New data are suggesting that deciphering the genomic diversity and evolution of tumors may provide a basis for identifying new targets and designing improved personalized medicine strategies.
It may soon be possible to get rid of the “one-size-fits-all” approach when it comes to radiation therapy.
Researchers are reporting in the journal Cancer Research that they have identified a biomarker enzyme associated with aggressive glioma brain tumors. In addition, they have demonstrated potent efficacy in a mouse model of glioma for a small molecule inhibitor they recently developed.
Investigators at the Dana-Farber Cancer Institute in Boston for the first time have identified unique genomic changes that may be integral to testicular cancer.
Scientists have found a way to detect earlier if Merkel cell carcinoma (MCC) is recurring in patients. They have published a paper in the journal Cancer demonstrating how an immune system marker may be able to outperform and supplement imaging studies for recurrence of MCC.
Newer cancer drugs are being approved on the basis of shorter studies and on outcomes that might not predict living longer or feeling better.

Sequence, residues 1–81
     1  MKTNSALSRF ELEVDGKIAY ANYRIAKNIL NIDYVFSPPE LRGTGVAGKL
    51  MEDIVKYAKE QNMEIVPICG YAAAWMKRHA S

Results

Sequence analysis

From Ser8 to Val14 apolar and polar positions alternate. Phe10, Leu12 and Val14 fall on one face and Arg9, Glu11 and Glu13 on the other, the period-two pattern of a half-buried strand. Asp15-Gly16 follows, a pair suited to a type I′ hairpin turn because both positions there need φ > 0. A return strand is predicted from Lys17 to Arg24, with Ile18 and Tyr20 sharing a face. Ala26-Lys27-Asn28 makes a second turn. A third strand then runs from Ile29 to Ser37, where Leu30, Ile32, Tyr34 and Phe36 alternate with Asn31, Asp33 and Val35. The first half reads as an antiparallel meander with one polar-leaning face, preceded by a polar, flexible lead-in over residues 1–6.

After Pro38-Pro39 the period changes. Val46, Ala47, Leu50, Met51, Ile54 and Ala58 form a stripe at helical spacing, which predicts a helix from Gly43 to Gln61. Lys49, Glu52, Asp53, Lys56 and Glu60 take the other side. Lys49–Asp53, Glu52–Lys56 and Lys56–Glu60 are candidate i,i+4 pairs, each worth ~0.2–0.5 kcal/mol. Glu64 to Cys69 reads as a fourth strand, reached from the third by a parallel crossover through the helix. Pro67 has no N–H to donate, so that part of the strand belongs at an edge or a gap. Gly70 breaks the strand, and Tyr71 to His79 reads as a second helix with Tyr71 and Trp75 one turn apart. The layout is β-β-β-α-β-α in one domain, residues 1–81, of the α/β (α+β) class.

Researchers from X4 Pharmaceuticals in Cambridge, Mass., have been developing novel CXCR4 inhibitor drugs to improve immune cell trafficking and increase the ability for T cells to track and destroy cancer.
The US Food and Drug Administration is granting ponatinib (Iclusig) full approval for the treatment of adult patients with chronic phase, accelerated phase, or blast phase chronic myeloid leukemia or Philadelphia chromosome-positive acute lymphoblastic leukemia for whom no other tyrosine kinase inhibitor therapy is indicated.
While determining the genetic makeup of a patient’s tumor is a critical tool for precision cancer medicine, there are still several challenges and unanswered questions about large-scale clinical application of the methods.
A high-risk subtype of acute lymphoblastic leukemia first identified in children appears to be highly prevalent in adults with ALL and is associated with a poor outcome.